The Science Ninjas Valence® card game makes it fun to learn about valences and combinations of elements. The cartoon-style artwork is based on a Ninja theme to appeal to students about ages eight and above.
The game itself is both educational and fun to play. It comes in a sturdy box and consists of two card decks and an instruction manual. Along with rules for playing the game, the instruction manual includes information about valences and the backstories of the Ninja characters.
One card deck has element cards, using the elements up through calcium on the periodic table. The other card deck has eight types of molecules that can be made with the element cards: acid, base, water, salt, carbon dioxide, metal oxide, “deadly” carbonyl, and halocarbon. To make it easier for players, the cards are color-coded. In the image for the game, you should be able to see a blue square on the hydrogen card and a red square on the chlorine card. The acid molecule card shows the corresponding colored squares for the required elements, so it’s fairly easy for players to match up the correct ones. However, players will sometimes combine several cards to make a molecule rather than just two. For instance, the water molecule requires one oxygen card (with a -2 charge) and two hydrogen cards (each with a +1 charge).
The back of each molecule card lists one or more different molecules that can be made for the molecular family. While water and carbon dioxide are the only molecules possible for those two cards, the other molecule cards list up to seven different molecules (for salts) that can be constructed with different combinations of elements. For example, for the base molecule card, players combine the correct number of sodium, oxygen, potassium, hydrogen, and calcium cards to make sodium hydroxide (NaOH), potassium hydroxide (KOH), and calcium hydroxide [Ca(OH)2]. The element cards clearly show their charges, and students can easily do the math to create molecules with balanced charges.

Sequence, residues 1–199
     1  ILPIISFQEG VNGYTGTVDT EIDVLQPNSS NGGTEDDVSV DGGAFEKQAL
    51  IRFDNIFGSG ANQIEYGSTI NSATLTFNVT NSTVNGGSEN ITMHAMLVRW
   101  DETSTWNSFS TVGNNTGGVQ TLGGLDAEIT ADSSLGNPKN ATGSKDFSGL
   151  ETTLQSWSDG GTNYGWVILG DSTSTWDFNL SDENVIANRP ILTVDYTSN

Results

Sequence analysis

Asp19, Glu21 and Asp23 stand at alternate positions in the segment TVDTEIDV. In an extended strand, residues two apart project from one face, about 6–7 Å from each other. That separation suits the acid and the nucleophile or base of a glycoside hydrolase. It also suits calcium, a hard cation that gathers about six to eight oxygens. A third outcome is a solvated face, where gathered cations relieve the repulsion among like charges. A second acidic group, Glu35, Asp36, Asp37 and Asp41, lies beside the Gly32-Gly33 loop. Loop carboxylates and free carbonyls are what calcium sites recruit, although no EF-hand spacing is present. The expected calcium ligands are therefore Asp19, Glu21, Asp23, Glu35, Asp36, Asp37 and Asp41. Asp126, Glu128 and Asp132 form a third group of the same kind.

The molecule cards have different values ranging from 0 for acids to 6 for halocarbons. The goal of the game is to acquire molecules worth a total of ten points. It’s tougher than it sounds since other players can use their molecule cards to “react” with most of yours. You might have acquired a deadly carbonyl molecule card (worth 5 points), but an opponent attacks it with a water molecule card. Your deadly carbonyl is exchanged for a lower-value carbon dioxide card and an acid card. Some molecules, such as halocarbons, are stable, so they are immune to attack.
The game can be played in 20 minutes or less by two to four players.
The Science Ninjas Valence game is one of the rare educational games I’ve reviewed that is fun to play aside from its educational value.